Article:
FarmBio3 comprises ARG, several universities, biomass-feedstock suppliers and the USDA. The group aims to develop an advanced biofuel or a biobased crude oil that can be used as a refinery feedstock in the way petroleum crude oil is currently used. Materials that do not compete with the food supply, such as forest residues, animal manure, switchgrass and other perennial grasses, are collected on-site and converted into a liquid “bio-oil” that can be further processed into industrial chemicals or fuels.
U.S. Secretary of Agriculture Tom Vilsack announced the grant Friday at the Pennsylvania Farm Show in Harrisburg. The nearly $7 million grant is part of $25 million in funding for projects like FarmBio3 that are also under way in Ohio, Kansas and Utah.
Harry Halloran Jr., owner of ARG, has pledged $150,000 in in-kind services, including operations support as well as research and development efforts. If researchers can develop an advanced biofuel or bio-based crude oil feedstock, it could eventually be tested at the Bradford refinery.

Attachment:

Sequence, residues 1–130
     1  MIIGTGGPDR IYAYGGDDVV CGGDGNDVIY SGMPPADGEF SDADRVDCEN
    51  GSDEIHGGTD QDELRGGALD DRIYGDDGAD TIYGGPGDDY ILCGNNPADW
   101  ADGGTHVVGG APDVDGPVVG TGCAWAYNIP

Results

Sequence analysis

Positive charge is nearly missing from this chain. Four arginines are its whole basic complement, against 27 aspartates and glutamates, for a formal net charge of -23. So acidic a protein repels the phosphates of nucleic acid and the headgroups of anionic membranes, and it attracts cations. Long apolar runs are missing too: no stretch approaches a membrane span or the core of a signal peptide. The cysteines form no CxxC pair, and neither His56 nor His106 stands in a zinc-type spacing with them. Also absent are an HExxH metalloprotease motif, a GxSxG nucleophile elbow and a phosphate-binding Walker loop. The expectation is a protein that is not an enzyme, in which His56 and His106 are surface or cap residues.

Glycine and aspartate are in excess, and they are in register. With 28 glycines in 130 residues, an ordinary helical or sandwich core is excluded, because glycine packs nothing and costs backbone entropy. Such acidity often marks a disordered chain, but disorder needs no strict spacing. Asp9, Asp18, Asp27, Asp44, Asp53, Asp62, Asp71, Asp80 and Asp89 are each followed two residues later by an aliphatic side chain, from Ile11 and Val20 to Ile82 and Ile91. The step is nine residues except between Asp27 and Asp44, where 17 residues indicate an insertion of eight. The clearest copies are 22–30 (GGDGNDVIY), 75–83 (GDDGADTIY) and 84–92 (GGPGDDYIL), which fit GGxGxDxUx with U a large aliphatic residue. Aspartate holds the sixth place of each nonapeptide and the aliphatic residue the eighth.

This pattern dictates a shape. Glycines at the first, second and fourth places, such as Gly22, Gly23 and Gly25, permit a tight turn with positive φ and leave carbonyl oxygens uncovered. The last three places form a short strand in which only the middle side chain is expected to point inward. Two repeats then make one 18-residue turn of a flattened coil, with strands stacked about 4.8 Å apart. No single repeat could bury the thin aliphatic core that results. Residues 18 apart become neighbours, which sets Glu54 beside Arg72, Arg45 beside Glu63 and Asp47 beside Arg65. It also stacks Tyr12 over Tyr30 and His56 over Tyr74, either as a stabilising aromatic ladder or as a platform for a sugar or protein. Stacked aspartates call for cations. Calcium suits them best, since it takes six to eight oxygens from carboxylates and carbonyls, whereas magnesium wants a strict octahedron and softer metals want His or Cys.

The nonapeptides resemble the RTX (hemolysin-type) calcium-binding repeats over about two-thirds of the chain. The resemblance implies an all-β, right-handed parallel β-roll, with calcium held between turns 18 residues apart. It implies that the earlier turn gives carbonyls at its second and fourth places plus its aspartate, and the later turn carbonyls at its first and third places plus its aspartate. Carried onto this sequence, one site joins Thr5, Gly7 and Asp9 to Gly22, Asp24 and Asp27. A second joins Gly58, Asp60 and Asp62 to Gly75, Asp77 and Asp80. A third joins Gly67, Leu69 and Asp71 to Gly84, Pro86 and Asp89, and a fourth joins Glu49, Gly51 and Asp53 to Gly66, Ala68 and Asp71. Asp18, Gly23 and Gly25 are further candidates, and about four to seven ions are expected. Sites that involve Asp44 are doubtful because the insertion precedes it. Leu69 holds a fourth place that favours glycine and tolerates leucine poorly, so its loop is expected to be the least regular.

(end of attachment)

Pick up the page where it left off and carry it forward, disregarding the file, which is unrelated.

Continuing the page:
For their part, ARG personnel are tasked with guiding university researchers to developing the proper catalytic processes to create such a feedstock.
ARG is also part of the Pennsylvania State University’s NewBIO consortium. This association also has the goal of creating an advanced biofuel, but amongst other differences, the biomass is collected and processed on a much larger scale. ARG has no financial obligation to this group, and is instead acting in more of a consulting capacity.
“ARG is excited to participate in these projects because we recognize the value and role that alternative fuels will play in our country’s future,” said Jeannine Schoenecker, ARG president and chief operating officer. “We believe that there is a place for both types of fuel and we look forward to potentially adding these products to our existing product slate.”